Intimate ethnography and the anthropological imagination

Dialectical aspects of the personal and political in My Father's Wars
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by ALISSE WATERSTON

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Intimate ethnography is work of the anthropological imagination that models dialectical thinking in its approach to people, topics, and analysis. Rooted in particular intellectual, cultural, political, and anthropological currents, intimate ethnography comes when the need to engage larger publics in rethinking and recounting lives lived and experienced is increasingly urgent. An example of such work, My Father's Wars, centers an intimate Other as the subject of my research, a transnational life story in the context of historically constituted violence. Intimate ethnography illustrates feminist ethnography and illuminates the dangers of ethnonationalism; requires the crafting of an evocative, compelling account through the writing itself; and offers the possibility of an afterlife for anthropological work in the public sphere and thus of anthropology as an intervention in public discourse.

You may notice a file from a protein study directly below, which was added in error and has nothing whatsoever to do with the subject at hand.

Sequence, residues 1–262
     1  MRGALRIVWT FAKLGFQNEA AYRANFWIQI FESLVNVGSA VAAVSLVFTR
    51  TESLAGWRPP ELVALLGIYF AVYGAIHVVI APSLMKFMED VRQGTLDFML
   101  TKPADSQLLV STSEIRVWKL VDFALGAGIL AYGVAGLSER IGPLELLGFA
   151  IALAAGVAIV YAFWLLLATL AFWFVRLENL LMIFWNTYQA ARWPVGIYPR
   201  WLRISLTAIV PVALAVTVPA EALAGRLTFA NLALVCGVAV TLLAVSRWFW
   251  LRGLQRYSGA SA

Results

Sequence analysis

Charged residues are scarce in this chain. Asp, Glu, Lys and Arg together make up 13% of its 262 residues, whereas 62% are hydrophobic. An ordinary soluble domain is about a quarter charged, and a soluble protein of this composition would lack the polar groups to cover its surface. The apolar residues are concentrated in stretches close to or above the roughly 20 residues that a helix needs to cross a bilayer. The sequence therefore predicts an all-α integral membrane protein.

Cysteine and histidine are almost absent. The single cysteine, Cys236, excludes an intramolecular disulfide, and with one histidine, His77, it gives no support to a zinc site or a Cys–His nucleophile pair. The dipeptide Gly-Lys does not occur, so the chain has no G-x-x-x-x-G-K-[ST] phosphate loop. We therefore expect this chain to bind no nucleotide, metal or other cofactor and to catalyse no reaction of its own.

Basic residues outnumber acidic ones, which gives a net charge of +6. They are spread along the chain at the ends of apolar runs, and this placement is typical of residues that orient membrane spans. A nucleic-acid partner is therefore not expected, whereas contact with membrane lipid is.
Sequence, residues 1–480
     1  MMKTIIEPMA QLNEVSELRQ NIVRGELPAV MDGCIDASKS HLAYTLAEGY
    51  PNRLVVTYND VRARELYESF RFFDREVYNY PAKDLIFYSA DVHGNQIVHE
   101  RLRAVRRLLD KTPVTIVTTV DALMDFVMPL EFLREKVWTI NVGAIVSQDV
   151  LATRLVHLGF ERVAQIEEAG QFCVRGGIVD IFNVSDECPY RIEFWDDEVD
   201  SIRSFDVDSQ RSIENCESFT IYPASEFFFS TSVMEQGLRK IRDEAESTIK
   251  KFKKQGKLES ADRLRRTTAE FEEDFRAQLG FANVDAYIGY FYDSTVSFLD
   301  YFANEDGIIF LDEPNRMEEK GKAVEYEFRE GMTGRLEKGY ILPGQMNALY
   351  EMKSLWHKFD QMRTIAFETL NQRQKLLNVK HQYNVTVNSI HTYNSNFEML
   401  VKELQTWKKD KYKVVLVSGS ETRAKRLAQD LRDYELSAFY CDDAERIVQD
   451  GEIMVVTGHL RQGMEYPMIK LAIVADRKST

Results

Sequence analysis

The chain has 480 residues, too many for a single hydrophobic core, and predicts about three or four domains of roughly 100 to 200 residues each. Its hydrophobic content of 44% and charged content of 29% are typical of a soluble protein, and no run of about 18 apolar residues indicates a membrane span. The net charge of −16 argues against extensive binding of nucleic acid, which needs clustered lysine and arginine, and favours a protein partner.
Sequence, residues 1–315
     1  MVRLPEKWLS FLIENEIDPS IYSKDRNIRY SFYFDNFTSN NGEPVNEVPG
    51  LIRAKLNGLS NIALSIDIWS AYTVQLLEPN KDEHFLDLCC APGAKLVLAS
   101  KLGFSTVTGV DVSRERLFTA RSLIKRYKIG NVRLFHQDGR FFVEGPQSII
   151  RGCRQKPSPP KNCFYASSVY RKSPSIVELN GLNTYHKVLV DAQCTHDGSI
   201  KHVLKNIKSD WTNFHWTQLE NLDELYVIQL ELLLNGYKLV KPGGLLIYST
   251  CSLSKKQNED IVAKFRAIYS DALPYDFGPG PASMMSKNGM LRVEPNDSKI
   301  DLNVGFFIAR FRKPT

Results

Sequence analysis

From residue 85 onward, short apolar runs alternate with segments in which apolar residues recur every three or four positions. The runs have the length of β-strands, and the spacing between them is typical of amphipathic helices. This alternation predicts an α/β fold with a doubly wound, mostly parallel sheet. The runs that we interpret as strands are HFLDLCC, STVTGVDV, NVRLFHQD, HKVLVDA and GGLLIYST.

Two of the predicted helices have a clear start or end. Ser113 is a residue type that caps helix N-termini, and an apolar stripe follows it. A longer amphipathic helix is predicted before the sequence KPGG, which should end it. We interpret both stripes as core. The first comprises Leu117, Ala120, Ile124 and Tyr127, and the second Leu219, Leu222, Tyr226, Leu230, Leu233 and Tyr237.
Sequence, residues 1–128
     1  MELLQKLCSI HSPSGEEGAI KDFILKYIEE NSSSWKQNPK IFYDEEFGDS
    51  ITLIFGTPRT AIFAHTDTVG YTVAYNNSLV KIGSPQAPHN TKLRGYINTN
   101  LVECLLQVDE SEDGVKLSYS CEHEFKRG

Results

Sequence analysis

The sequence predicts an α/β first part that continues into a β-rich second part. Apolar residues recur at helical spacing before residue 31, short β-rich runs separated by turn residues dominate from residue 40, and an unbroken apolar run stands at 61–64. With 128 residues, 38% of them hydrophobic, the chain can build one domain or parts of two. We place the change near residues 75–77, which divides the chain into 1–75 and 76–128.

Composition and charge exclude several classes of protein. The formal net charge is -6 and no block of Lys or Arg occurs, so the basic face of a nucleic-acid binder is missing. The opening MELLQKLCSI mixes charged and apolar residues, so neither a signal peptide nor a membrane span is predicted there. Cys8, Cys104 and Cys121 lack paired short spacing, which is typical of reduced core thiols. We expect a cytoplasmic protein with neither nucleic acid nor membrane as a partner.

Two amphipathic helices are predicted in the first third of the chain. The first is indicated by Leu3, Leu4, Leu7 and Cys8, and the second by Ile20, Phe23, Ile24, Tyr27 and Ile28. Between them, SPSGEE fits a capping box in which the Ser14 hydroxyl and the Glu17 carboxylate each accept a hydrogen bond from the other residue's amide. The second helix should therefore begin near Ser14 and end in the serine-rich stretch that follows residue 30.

A Cuban passport issued to Miguel Wasersztein y Kromberg on August 21, 1936, when he was 23 years old. This beautifully rendered document represents one leg in my father's long transnational journey across a violent century. Inside its gold‐lettered, leather‐bound cover, there is a 12 × 10‐inch sheet of high‐quality paper, textured like fabric, folded into eighths to fit between the front and back cover. Material in this passport gives the names of Miguel's father as Ajzk, mother as Priwa, and his hometown as Jebwagne, Polonia, and it includes my father's signature and an incredibly beautiful photograph of him.
A Cuban passport issued to Miguel Wasersztein y Kromberg on August 21, 1936, when he was 23 years old. This beautifully rendered document represents one leg in my father's long transnational journey across a violent century. Inside its gold‐lettered, leather‐bound cover, there is a 12 × 10‐inch sheet of high‐quality paper, textured like fabric, folded into eighths to fit between the front and back cover. Material in this passport gives the names of Miguel's father as Ajzk, mother as Priwa, and his hometown as Jebwagne, Polonia, and it includes my father's signature and an incredibly beautiful photograph of him. (Alisse Waterston)